Nebraska Historical Marker: Courthouse and Jail Rocks

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Rural Nebraska 88, Bridgeport, Morrill County, Nebraska

View this marker's location 41.600513, -103.0994

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Marker Text

Courthouse and Jail Rocks are two of the most famous landmarks of westward migration. Nearby passed the Oregon-California Trail, the Mormon Trail, the Pony Express Trail and the Sidney-Deadwood Trail. The rocks were vanguards of unforgettable scenic wonders that travelers would encounter farther west, including Chimney Rock's curious spire and the rugged heights of Scott's Bluffs. Hundreds of overland emigrants mentioned Courthouse Rock in their diaries. Often called a "castle" or "solitary tower," the name Courthouse was first used in 1837. One 1845 traveler described the rock as "resembling the ruins of an old castle [which] rises abruptly from the plain. . . .It is difficult to look upon it and not believe that art had something to do with its construction. The voyagers have called it the Courthouse; but it looks infinitely more like the Capitol." Courthouse and Jail Rocks, rising some 400 feet above the North Platte Valley, are erosional remnants composed of clay, sandstone and volcanic ash. The rocks are listed in the National Register of Historic Places and in the Nebraska Natural Areas Register.

Further Information

(Nebraska State Historical Society)

Court House Rock is a geological feature in the Nebraska Panhandle that became a famous landmark in the Platte River Road. It is the first of the three famous landmarks seen by westward migrants in the Nebraska Panhandle region, followed by Chimney Rock and Scotts Bluff. Even though they are not technically mountains, these features were called mountains by the pioneers and weighed heavily on their memories because they were the first large geological features on the trail.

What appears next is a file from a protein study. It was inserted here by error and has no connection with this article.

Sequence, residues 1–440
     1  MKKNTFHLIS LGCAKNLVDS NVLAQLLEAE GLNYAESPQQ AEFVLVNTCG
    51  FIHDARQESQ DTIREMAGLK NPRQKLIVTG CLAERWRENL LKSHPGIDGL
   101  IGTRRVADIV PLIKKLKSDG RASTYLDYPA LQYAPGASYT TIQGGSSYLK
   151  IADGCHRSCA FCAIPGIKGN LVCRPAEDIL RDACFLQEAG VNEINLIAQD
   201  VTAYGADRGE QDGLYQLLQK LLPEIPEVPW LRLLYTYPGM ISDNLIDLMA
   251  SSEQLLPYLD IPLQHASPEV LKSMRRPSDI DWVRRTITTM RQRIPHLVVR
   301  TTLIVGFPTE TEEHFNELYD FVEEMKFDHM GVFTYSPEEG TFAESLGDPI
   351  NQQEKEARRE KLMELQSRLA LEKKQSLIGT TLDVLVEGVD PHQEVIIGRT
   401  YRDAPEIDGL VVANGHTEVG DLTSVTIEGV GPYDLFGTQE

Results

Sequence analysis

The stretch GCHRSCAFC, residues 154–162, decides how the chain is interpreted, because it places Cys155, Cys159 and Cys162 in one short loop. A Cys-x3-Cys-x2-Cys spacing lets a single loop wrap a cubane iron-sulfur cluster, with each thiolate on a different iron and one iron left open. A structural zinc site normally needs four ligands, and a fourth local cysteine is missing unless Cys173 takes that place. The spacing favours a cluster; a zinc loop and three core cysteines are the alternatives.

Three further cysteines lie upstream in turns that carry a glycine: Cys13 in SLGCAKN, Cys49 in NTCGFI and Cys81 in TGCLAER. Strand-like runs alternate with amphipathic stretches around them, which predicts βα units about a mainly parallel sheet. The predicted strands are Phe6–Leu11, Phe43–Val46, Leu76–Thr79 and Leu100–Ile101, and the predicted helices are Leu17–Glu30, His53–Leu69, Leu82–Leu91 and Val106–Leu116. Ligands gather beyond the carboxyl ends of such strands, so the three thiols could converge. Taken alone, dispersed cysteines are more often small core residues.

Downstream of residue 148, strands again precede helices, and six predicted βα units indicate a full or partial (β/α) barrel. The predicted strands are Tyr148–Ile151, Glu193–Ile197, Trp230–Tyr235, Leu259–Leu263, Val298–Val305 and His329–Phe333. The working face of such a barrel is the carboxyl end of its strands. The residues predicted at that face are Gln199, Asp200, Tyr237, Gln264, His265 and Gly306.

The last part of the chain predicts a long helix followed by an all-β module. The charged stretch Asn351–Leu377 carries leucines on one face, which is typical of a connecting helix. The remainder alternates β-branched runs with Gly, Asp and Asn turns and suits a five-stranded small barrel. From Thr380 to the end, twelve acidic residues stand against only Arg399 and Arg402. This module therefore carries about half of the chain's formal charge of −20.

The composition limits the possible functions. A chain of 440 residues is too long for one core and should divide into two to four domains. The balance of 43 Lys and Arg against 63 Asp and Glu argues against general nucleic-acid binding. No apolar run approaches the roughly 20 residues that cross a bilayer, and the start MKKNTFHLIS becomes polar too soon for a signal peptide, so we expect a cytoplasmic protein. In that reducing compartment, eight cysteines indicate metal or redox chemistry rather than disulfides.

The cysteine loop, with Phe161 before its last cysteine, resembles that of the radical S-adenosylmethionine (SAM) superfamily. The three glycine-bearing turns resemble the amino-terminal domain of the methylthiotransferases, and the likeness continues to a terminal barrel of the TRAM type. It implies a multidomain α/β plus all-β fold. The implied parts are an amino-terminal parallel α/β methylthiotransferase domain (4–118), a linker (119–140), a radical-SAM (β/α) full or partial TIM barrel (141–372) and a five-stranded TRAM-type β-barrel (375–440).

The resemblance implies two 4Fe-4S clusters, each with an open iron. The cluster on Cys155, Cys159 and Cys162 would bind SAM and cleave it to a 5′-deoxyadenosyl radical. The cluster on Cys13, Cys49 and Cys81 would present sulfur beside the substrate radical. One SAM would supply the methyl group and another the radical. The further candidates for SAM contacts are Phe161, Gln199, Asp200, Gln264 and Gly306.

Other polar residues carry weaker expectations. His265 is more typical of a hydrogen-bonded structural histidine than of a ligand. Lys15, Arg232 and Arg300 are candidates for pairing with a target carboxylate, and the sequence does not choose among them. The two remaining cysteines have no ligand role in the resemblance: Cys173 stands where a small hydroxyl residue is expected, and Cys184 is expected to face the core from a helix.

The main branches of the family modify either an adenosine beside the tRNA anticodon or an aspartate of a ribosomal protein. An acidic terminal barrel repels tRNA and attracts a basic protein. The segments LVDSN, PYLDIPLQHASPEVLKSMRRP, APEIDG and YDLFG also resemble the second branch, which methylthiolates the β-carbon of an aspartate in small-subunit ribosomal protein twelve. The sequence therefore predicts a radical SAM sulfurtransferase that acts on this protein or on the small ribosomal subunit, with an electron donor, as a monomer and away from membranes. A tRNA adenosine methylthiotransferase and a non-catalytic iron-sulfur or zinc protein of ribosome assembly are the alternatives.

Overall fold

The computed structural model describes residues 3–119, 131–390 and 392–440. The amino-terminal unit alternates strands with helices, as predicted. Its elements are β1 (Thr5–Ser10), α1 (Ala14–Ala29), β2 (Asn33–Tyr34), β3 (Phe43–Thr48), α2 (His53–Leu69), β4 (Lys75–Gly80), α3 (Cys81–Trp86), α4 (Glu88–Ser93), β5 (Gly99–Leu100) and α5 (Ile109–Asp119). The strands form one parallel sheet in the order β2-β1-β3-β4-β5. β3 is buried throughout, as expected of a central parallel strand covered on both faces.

Slightly to the east of Court House Rock is another rock of equal height but smaller size called Jail Rock. While Court House Rock and Jail Rock are usually grouped together as one monument, the pioneers rarely mentioned Jail Rock, focusing on Court House Rock instead.

While Court House Rock became the standard name for the feature, several other names were popular during the Great Migration: Solitary Tower, the Church, the Capitol, and the Castle. Jail Rock was never called Jail Rock by migrants; it was just called the Jail or Jail House. Some pioneers called it a clerk’s office, county building, lighthouse, sentinel post or even “the leaning Tower of Pisa.”

The rock is 400 feet above the Platte River Valley and consists mainly of two different types of sandstone. The base is made of softer Brule Clay, and the top is composed of Arikaree sandstone mixed with limestone. The hardness of the upper section is the reason the rock has not eroded away more. The bottom part is much less stable. It was common for pioneers to carve their names into the base of the rock, but these names have since eroded away.

(Nebraska State Historical Society)
(Nebraska State Historical Society)


Mattes, Merrill J. The Great Platte River Road: The Covered Wagon Mainline via Fort Kearny To Fort Laramie. Lincoln: Nebraska State Historical Society, 1969.

Marker program

See Nebraska Historical Marker Program for more information.